Connect with us
[bsa_pro_ad_space id=12]

Alberta

Team sports and group dance not yet approved. Restaurants open with restrictions. – Details on health measures easing February 8

Published

4 minute read

From the Province of Alberta

More health measures will ease on Feb. 8

Additional health measures will be eased for restaurants, indoor fitness and some children’s activities, effective Feb. 8.

Step 1 of Alberta’s four-step framework to ease restrictions is based on a COVID-19 hospitalization benchmark of 600, including intensive care patients. This benchmark was reached on Jan. 28.

The full, four-step framework for easing restrictions can be viewed here.

“Albertans have done a great job of bringing our numbers down from our peak in December. We aren’t out of the woods yet, but there are opportunities where we can safely ease restrictions while also protecting our health-care system. This first step is a cautious one, and it will bring relief to many Albertans and Alberta businesses.”

Jason Kenney, Premier

“We are able to ease restrictions on Feb. 8 thanks to the efforts of Albertans. We need to stick to a stepped approach so we don’t risk the steady improvements we’ve made. Although restrictions will remain in place, the path forward gives us all more options in our daily lives.”

Tyler Shandro, Minister of Health

Indoor and outdoor children’s sport and performance

  • Children’s sport and performance activities are permitted if they are related to school activities, such as physical education classes.
  • This will allow K-12 schools and post-secondary institutions to use off-site facilities to support curriculum-related educational activities.

Indoor fitness

  • Only one-on-one training is permitted for indoor fitness activities (e.g. fitness in dance studios, training figure skating on ice, one-on-one lessons).
  • One-on-one sessions cannot interact with others and there must be a minimum of three metres distance between sessions in the same facility.
  • Sessions have to be scheduled or by appointment.
  • No drop-in for individuals or groups is allowed.
  • No sports games, competitions, team practice, league play or group exercise of any kind.
  • Trainers must be professional, certified and/or paid trainers who are providing active instruction and correction. Passive supervision of a physical activity is not considered training.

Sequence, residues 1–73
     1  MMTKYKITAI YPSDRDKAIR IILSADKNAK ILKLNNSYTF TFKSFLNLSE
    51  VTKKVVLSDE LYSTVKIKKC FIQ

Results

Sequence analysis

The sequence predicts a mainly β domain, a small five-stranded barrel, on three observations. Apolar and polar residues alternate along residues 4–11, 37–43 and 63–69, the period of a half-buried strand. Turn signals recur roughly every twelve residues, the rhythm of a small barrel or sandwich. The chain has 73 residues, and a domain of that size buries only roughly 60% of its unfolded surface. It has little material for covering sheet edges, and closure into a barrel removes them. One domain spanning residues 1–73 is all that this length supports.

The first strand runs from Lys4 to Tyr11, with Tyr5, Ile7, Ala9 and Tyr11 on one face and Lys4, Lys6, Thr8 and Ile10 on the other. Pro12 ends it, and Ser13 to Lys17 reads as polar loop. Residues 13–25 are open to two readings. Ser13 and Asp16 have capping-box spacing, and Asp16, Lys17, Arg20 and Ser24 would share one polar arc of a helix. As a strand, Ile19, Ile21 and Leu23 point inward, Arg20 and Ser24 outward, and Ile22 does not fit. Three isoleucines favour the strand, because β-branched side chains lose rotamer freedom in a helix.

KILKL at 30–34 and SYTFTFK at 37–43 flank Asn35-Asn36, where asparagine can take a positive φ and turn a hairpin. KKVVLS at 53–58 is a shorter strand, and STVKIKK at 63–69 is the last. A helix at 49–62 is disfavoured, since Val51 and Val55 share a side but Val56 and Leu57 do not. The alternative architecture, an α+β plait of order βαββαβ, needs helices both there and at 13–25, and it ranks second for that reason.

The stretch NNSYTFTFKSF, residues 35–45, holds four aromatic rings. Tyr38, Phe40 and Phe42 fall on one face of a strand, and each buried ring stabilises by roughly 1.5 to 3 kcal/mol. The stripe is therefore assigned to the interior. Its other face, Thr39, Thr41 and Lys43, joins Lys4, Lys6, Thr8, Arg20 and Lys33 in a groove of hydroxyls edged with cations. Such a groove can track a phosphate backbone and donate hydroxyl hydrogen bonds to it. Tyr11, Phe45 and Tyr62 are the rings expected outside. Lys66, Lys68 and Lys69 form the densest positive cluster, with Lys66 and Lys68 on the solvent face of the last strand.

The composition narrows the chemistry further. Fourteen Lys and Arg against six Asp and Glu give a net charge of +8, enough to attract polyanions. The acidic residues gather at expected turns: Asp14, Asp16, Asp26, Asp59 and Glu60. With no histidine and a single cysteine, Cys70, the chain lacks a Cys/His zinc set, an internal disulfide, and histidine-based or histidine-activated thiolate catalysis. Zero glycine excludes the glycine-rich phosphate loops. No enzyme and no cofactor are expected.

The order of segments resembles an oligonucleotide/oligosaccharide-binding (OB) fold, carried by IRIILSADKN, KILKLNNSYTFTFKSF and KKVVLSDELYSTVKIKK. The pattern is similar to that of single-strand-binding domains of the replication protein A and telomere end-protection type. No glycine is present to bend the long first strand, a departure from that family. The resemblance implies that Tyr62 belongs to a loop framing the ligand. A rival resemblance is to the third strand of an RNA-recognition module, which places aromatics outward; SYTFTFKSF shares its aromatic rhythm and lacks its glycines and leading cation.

• Trainers should remain masked during the session; clients are not required to wear a mask while exercising.
  • More than one trainer and client ‘pair’ are allowed into the facility, studio, rink, court, pool, ice surface, etc., as long as:
    • Each trainer and client stays three metres away from all other trainers and clients at all times, including in entryways and exits.
    • Each trainer only interacts with their assigned client, and each client only interacts with their assigned trainer.
    • No interaction between clients or between trainers is allowed.
    • No ‘cycling through’ multiple trainers, as in circuit training.

Restaurants, cafes and pubs

  • Restaurants, cafes and pubs must collect the contact information of one person from the dining party.
  • Up to a maximum of six people per table; individuals must be from same household or the two close contacts for people living alone.
  • Liquor service ends at 10 p.m.
  • In-person dining must close by 11 p.m.
  • No entertainment allowed (e.g., no VLTs, pool tables, live music, etc.)

Alberta’s government is responding to the COVID-19 pandemic by protecting lives and livelihoods with precise measures to bend the curve, sustain small businesses and protect Alberta’s health-care system.

Todayville is a digital media and technology company. We profile unique stories and events in our community. Register and promote your community event for free.

Follow Author

Alberta

Alberta government says jobs, economy, COVID to be focus of fall legislature sitting

Published on

EDMONTON — The Alberta government plans a busy fall legislature sitting aimed at adding jobs and diversifying the economy while focusing on tamping down the renewed surge of COVID-19.

Government house leader Jason Nixon says this will include proposed legislation on recognizing professional credentials to address labour shortages. The bill will be introduced by Premier Jason Kenney.

“Our focus will be on Alberta’s workforce, a couple of bills around diversifying the economy, a big focus on building infrastructure for our future, (and) growing our resources, particularly on the energy side,” Nixon said in an interview Friday.

There will also be new initiatives on environmental protection and conservation.

Nixon said there will be 18 to 20 bills for the sitting, which begins Monday and is scheduled to run to the first week of December. 

“It’s a very robust fall agenda,” he said.

Nixon said the government will continue to take steps to reduce COVID-19 cases, which have severely stressed the health system.

No COVID-19-specific bills are planned, he said, noting they were passed in previous sittings. 

“There’s certainly other stuff to be done to manage the pandemic … but we’ll stand ready if Alberta Health needs us to pass any legislation to deal with the pandemic.”

He said debate in the chamber is expected to return to some semblance of normalcy.

In the spring sitting, both the United Conservative government and the Opposition NDP reduced their numbers in the chamber to prevent the spread of the virus.